In my previous blog posts in this series I covered the inherent problem with CSMA/CA and how it loses efficiency as more stations make use of a channel. I also covered some of the basic rules of how CSMA/CA works as implemented by 802.11 Wireless LANs.

As I mentioned at the beginning of this blog series, my intention here is to build an argument and the logic for describing what WLAN contention actually looks like in the real world. We’ve gone over some of the rules of how WLAN contention works. But now it is time to start building some simple mathematical models of its effects on the medium and then to carefully evaluate how those models stack up against the real world operation of 802.11 WLANs.

### First, some background on probabilities

When you are working with system that uses a random or stochastic component and forms a stochastic process, it becomes very hard to build a deterministic model of how that system works. There is an inherent uncertainty built into the system and we cannot predict the outcome with 100% accuracy. It becomes necessary to start attaching a probability to any one of the possible outcomes. Let’s start with an example.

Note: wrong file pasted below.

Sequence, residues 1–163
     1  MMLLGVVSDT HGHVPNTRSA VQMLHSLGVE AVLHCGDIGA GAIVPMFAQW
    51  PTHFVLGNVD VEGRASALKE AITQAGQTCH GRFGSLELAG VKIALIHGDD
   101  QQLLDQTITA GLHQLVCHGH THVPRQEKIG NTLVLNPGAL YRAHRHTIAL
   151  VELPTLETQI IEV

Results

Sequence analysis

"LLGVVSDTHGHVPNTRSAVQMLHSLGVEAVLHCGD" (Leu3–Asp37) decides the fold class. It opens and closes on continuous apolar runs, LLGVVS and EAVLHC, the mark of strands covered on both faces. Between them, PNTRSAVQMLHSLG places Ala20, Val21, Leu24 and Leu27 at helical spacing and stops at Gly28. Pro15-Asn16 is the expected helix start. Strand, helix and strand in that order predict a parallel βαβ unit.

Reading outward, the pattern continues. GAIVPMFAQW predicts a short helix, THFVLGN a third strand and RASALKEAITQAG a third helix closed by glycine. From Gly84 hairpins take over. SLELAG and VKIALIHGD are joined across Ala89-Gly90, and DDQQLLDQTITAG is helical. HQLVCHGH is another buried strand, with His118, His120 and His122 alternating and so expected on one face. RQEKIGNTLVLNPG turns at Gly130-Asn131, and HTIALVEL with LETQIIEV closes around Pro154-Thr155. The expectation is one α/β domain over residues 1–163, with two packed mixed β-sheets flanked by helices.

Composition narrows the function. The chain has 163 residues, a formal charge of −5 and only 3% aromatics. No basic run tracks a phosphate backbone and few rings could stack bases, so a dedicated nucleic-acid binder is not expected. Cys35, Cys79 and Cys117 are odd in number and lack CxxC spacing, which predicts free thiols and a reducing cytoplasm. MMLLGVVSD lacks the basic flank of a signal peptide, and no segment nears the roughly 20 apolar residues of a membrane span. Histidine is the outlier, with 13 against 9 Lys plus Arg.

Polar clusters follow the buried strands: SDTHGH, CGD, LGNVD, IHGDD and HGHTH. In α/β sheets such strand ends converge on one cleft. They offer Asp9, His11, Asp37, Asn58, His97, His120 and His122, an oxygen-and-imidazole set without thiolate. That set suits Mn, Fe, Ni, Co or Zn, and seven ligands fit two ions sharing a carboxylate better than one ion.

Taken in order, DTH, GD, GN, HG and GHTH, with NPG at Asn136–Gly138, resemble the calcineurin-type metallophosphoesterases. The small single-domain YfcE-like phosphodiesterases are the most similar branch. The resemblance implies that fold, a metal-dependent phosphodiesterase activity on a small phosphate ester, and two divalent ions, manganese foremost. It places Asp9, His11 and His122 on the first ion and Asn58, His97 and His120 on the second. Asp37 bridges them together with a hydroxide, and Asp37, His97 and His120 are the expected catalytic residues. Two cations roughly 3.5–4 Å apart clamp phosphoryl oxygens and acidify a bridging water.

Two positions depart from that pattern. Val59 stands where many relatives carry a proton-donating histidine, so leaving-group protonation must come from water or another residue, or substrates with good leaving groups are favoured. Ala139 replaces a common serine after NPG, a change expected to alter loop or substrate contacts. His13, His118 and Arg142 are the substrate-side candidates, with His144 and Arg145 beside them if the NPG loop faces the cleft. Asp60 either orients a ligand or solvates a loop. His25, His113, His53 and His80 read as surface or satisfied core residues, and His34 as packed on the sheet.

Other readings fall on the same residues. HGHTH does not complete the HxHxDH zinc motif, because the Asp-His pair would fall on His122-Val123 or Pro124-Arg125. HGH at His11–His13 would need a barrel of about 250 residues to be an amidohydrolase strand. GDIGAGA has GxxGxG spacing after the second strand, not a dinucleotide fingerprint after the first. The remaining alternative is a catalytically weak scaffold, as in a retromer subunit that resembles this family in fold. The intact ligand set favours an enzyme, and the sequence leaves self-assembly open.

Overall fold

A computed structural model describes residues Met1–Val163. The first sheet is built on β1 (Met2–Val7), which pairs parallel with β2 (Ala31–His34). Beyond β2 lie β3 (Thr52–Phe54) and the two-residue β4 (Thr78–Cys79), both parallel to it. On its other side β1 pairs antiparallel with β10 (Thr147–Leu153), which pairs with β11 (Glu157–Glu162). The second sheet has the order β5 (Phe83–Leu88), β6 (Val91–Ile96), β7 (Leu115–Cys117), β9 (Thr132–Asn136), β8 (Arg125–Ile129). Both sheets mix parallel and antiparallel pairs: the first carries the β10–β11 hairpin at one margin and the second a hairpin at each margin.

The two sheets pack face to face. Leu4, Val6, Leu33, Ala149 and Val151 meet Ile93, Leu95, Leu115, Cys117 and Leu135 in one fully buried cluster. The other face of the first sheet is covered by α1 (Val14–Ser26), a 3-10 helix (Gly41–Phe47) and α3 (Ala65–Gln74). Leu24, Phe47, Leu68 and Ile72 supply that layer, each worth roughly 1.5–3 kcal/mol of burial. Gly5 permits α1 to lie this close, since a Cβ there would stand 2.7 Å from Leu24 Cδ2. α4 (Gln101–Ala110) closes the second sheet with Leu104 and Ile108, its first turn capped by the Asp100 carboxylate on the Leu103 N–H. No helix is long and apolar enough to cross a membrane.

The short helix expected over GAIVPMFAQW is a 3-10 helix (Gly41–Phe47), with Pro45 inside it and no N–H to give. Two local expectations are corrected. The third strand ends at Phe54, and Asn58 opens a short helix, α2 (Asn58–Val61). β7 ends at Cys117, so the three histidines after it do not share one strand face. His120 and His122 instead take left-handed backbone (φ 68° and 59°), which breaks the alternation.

If you have two people in a room, and you ask both people to choose a random number between 0 and 15. What is the chance that they will choose the same number?

The first person chooses a random number and the second person has a 1 in 16 chance of choosing the same number. Therefore the chance of both people choosing the same number is 1/16 or 6.25%. If we want to put it another way, the chances of the two people NOT choosing the same number are 15/16 or 93.75%. We can also write 15/16 as (1-^{1}/_{16}).

What if we have three people? Well, then the problem becomes slightly trickier and we have to ask ourselves what we want to know!

There are two things we can calculate:

- The possibility that person 2 or person 3 will choose the SAME number as person 1. (A = B or A = C)
- The chance that
*any*two clients have chosen the same number. (A = B, A = C, or B = C)

### A = B or A =C:

The chance of choosing the same number in this case becomes a little harder to calculate. We know that as the number of people selecting numbers increases the chance of selecting the same number as the first person must increase, but how?

By looking only at the chances of choosing the same number, we struggle to find a single *intuitive* equation that can tell us how the chance increases. Well, at least I do.

As it turns out, we can solve the problem by evaluating the chance of NOT choosing the same number. The chance of A and B NOT choosing the same number = 93.75%. If we allow C to choose a number, the chances of also avoiding a collision with A are 93.75% of 93.75%. What are the chances that both B and C avoided a choosing the same number as A? We can say P* is the possibility of NOT choosing the same number: